Water and nitrogen (N) availability to plants are spatially and temporally variable in arid and semi-arid grasslands. We aimed to investigate the eco-physiological responses of three bunchgrass species to water and N addition along a gradient of habitat degradation in the Inner Mongolian typical grasslands. The effects of water and N addition on aboveground and belowground growth and biomass allocation and water- and nitrogen-use efficiency (WUE and NUE) of Stipa grandis, Agropyron cristatum and Cleistogenes squarrosa from non-degraded, moderately-degraded and heavily-degraded grasslands, respectively, were compared. Stipa grandis had higher specific root length and WUE than C. squarrosa, while C. squarrosa had higher NUE than S. grandis in water- and N-limited conditions. Responses of A. cristatum were intermediate between those of S. grandis and C. squarrosa. Water and N addition did not have a significant effect on growth and biomass allocation of S. grandis, but it increased growth and leaf biomass allocation of A. cristatum and growth and stem biomass allocation of C. squarrosa. The three species differ in WUE, NUE, biomass allocation and responses to water and N addition, and these differences are adaptive to their respective habitats. The degraded grasslands can be restored by an increase in water and N availability such as is expected to occur via climatic change, but S. grandis will not benefit from the increases.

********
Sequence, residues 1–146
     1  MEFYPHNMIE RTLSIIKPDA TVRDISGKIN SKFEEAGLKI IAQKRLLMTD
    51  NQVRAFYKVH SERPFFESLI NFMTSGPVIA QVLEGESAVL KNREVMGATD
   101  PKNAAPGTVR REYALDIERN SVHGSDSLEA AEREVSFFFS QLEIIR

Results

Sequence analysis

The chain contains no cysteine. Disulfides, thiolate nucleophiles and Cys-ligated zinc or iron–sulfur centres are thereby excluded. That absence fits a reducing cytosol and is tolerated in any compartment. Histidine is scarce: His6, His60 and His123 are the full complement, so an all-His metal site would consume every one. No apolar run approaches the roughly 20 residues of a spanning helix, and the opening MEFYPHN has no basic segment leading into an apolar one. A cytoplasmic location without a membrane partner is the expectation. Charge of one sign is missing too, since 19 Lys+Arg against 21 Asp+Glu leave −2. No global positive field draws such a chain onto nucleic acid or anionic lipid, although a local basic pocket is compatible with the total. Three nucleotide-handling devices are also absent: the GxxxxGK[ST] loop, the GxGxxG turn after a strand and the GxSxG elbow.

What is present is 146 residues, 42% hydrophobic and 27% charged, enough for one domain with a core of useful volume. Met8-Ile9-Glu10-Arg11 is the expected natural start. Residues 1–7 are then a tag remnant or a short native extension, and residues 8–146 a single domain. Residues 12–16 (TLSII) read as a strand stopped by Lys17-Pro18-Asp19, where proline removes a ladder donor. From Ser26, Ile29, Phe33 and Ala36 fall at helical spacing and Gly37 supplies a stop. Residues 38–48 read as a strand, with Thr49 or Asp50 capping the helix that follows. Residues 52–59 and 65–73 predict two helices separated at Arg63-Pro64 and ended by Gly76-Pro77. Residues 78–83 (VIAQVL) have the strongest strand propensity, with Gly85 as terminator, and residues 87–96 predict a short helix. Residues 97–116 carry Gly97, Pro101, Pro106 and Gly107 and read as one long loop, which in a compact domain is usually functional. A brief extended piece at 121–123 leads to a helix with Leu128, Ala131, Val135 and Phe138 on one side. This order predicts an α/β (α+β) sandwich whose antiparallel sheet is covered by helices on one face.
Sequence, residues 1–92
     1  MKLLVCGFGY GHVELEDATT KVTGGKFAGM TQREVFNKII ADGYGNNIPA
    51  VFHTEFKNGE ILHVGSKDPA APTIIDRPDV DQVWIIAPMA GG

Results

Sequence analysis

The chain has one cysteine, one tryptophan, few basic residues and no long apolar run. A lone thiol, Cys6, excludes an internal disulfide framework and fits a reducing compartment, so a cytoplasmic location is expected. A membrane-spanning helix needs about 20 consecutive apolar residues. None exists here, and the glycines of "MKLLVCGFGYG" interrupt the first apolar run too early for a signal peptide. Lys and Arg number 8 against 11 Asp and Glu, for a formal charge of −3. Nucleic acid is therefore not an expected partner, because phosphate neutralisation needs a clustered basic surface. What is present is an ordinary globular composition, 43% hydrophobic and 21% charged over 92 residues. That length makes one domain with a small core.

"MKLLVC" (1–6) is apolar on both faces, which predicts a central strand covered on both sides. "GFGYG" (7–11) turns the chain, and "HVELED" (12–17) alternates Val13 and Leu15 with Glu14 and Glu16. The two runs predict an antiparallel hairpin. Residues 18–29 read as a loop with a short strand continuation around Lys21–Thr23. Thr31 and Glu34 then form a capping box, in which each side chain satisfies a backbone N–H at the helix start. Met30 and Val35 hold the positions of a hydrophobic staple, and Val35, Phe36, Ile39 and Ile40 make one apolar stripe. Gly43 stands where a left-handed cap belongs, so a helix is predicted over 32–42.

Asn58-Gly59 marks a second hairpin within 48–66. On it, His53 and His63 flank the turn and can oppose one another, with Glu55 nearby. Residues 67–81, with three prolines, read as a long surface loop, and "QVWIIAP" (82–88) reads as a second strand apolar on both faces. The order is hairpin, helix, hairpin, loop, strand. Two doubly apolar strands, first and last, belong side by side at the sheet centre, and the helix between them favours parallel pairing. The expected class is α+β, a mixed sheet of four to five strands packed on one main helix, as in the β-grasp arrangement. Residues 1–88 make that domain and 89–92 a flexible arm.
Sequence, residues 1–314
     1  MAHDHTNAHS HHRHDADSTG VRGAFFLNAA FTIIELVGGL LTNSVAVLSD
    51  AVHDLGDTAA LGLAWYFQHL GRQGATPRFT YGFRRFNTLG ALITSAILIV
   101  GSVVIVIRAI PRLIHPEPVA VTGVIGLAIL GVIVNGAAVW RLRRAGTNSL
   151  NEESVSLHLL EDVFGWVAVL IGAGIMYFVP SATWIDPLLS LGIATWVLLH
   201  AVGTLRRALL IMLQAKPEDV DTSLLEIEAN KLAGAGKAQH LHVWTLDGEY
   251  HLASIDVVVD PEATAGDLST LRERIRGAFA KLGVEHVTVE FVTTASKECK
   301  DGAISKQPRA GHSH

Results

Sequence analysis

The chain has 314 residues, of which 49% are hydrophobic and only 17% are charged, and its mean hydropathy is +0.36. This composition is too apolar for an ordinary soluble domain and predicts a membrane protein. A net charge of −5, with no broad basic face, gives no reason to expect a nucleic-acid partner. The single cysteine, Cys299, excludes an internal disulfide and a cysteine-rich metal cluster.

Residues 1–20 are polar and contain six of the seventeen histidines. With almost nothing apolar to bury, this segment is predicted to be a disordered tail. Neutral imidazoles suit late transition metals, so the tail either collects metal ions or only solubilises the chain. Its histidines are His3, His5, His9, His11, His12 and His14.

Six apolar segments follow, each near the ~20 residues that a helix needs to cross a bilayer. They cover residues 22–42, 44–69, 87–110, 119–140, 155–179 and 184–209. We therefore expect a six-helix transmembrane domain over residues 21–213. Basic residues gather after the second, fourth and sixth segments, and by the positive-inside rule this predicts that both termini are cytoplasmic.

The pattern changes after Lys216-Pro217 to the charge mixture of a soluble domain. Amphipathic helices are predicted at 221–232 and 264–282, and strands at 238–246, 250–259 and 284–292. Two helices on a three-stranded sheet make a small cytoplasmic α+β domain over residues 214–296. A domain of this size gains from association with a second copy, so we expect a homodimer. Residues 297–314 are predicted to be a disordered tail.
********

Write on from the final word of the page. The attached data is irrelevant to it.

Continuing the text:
|Number of pages||7|
|Journal||Science of the Total Environment|
|State||Published - Jan 10 2019|
Bibliographical noteFunding Information:
We thank Fang Wang for assistance with the experiments and Dr. Qiang Li for the beneficial discussion about data analysis in the manuscript. This work was supported by the National Basic Research Program of China ( 2015CB150801 ) and the National Natural Science Foundation of China ( 41571055 ).
© 2018 Elsevier B.V.
- Biomass allocation
- Degradation gradient
- Nitrogen use efficiency
- Water use efficiency
ASJC Scopus subject areas
- Environmental Engineering
- Environmental Chemistry
- Waste Management and Disposal